By Alexander Winning
JOHANNESBURG (Reuters) - South Africa's ruling African National Congress (ANC) should get President Jacob Zuma to stand down as head of state after a party conference next month because like Zimbabwe the country urgently needs a change of leader, a senior ANC official said.
The ANC has been dogged by infighting for much of this year as a series of corruption scandals have tarnished its image ahead of the December conference at which it will elect Zuma's successor.
The party is split between factions backing Nkosazana Dlamini-Zuma, a former minister and ex-wife of Zuma, and Deputy President Cyril Ramaphosa for the ANC's top job.
ANC chief whip Jackson Mthembu told Reuters that whoever the party chooses next month, the incoming leadership should tell Zuma to go to allow the ANC to clean up its act.
"You can't keep him there," he said.
Mthembu said the ANC could learn from what was happening in Zimbabwe, where the ruling ZANU-PF party is pushing for President Robert Mugabe to leave his post.
"In Zimbabwe they call that bloodless corrections ... We need to make the corrections immediately after the conference. How do you effect those corrections in government when the same person who might have contributed to a better degree still sits?" Mthembu asked.
Mthembu is in the camp that backs Ramaphosa for ANC president and said it was important for the ANC to regain the trust of South African people after news reports that the Gupta brothers, business friends close to Zuma, had influenced government appointments and secured contracts from state firms. Both Zuma and the Guptas deny any wrongdoing.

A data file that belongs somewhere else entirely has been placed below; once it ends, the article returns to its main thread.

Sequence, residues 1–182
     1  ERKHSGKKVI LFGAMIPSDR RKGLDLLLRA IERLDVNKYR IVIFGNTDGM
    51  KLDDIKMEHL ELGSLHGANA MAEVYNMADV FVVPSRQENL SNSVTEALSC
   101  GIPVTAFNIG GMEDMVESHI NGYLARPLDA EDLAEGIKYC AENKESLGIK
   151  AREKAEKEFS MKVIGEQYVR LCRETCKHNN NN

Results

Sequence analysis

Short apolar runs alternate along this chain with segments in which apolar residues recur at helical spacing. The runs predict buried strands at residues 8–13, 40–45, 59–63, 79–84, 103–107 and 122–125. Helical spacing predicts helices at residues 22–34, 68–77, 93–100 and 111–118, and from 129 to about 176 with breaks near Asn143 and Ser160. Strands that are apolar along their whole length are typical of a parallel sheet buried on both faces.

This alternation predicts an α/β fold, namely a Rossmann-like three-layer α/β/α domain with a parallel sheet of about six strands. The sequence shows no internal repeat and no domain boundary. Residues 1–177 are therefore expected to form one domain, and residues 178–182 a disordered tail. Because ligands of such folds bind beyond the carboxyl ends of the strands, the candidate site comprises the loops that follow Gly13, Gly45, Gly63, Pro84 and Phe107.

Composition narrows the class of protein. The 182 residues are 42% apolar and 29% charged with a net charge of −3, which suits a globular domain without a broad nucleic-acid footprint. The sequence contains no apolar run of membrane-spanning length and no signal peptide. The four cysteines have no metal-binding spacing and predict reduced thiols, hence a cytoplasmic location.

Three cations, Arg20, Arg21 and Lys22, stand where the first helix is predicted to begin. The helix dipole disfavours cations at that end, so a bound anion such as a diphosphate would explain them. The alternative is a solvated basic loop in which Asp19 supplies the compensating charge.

Zuma's second term as president expires in 2019, but he could be forced out as head of state by the ANC's new leadership before his term ends, as was the case with former president Thabo Mbeki.
In May the ANC said its executive committee backed Zuma after calls for him to resign, and in August Zuma survived a no-confidence motion in parliament.
Zuma still has strong support in the party, including from the influential women's and youth leagues as well as in rural areas, where several tribal chiefs back the traditionalist leader.
The ANC has seen its electoral majority shrink over recent years, and some analysts predict it could lose the 2019 election. Until recently that was unthinkable for a party that has led comfortably since sweeping to power under Nelson Mandela at the end of apartheid in 1994.
Mthembu said if the ANC failed to emerge from its December conference with a new image it was "doomed".
"It's us who got South Africa into this mess by electing Zuma to be president. We should have looked closely into the man. With hindsight we made a terrible error of judgment," he said.
(Editing by James Macharia and Janet Lawrence)